This law holds throughout every species and explains man—who likes to
think himself a deep mystery—as it explains every other creature.
� Look around you in shop, office, field or home and you will find that
the quick, alert, impulsive man is acting quickly, alertly and
impulsively most of the time. Nothing less than a calamity slows him
down and then only temporarily; while the slow, patient, mild and
passive individual is acting slowly, patiently, mildly and passively in
spite of all goads. Some overwhelming passion or crisis may speed him up
momentarily but as soon as it fades he reverts to his old slow habits.
� Human Analysis is the new science which shows you how to recognize the slow man, the quick man, the stubborn man, the yielding man, the leader, the learner, and all other basic kinds of men on sight from the shape, size and structure of their bodies.
Certain bodily shapes indicate predispositions to fatness, leanness,
boniness, muscularity and nervousness, and this predisposition is so
much a part of the warp and woof of the individual that he can not
disguise it. The urge given him by this inborn mechanism is so strong as
to be practically irresistible. Every experience of his life calls
forth some kind of reaction and invariably the reaction will be
similar, in every vital respect, to the reactions of other people who
have bodies of the same general size, shape and structure as his own.
� No person achieves success or happiness when compelled to do what he
naturally dislikes to do. Since these likes and dislikes stay with him
to the grave, one of the biggest modern problems is that of helping men
and women to discover and to capitalize their inborn traits.
� Every individual does best those things which permit him to act in accordance with his natural bents. This explains why we like best those things we do best. It takes real enthusiasm to make a success of any undertaking for nothing less than enthusiasm can turn on a full current.
We struggle from the cradle to the grave for self-expression and
everything that pushes us in a direction opposed to our natural
tendencies is done half-heartedly, inefficiently and disgruntledly.
These are the steps that lead straight to failure. Yet failure can be
avoided and success approximated by every normal person if he will take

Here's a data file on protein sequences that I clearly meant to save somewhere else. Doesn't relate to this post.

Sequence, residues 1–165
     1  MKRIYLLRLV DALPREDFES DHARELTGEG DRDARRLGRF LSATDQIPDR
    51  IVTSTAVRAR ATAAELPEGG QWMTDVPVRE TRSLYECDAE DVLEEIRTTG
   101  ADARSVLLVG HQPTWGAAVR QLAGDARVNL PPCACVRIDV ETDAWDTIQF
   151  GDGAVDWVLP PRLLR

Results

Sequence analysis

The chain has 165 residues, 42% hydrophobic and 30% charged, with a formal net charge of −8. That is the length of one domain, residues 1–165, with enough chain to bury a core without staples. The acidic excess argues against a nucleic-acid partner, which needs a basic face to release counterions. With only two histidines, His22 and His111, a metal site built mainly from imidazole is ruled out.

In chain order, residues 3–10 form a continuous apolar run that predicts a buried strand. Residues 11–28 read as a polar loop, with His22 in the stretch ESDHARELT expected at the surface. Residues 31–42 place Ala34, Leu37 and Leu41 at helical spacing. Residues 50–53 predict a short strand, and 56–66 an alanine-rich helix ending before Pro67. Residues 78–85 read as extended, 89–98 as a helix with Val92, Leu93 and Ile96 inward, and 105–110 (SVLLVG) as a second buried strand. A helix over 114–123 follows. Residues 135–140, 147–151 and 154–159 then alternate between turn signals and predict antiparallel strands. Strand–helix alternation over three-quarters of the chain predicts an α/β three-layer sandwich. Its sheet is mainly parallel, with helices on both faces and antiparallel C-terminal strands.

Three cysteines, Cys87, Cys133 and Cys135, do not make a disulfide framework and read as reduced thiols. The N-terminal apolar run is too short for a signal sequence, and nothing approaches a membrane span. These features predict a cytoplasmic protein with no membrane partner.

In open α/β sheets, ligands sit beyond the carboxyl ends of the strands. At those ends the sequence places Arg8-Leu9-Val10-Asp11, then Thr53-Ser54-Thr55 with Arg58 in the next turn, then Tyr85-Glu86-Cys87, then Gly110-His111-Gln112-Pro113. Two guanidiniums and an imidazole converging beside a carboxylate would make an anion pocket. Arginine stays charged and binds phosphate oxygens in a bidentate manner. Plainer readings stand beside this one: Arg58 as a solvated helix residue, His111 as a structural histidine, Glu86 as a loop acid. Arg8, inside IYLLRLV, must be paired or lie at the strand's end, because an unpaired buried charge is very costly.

the same precaution with his own machinery that he takes with his
� If you were presented with a car by your ancestors—which is
precisely what happened to you at birth—you would not let an hour go by
without finding out what make or type of car it was. Before a week
elapsed you would have taken the time, labor and interest to learn how
to run it,—not merely any old way, but the best way for that
particular make of car.
� There are five makes or types of human cars, differing as definitely
in size, shape and structure as Fords differ from Pierce-Arrows. Each
human type differs as widely in its capacities, possibilities and
aptitudes as a Ford differs from a Pierce-Arrow. Like the Ford or Pierce
the externals indicate these functional differences with unfailing
accuracy. Furthermore just as a Ford never changes into a Pierce nor a
Pierce into a Ford, a human being never changes his type. He may modify
it, train it, polish it or control it somewhat, but he will never change
� The student of Human Analysis cannot be deceived as to the type of any individual any more than you can be deceived about the make of a car.
One may "doll up" a Ford to his heart's content—remove the hood and top
and put on custom-made substitutes—it is still a Ford, always will be a
Ford and you can always detect that it is a Ford. It will do valuable,
necessary things but only those things it was designed to do and in its
own particular manner; nor could a Pierce act like a Ford.
� So it is with human cars. Maybe you have been awed by the jewels and
clothes with which many human Fords disguise themselves. The chances are
that you have overlooked a dozen Pierces this week because their paint
was rusty. Perchance you are a Pierce yourself, drawing a Ford salary
because you don't know you are a high-powered machine capable of making
ten times the speed you have been making on your highway of life.
� If so your mistake is only natural. The world classifies human beings
according to their superficialities. To the world a human motorcycle can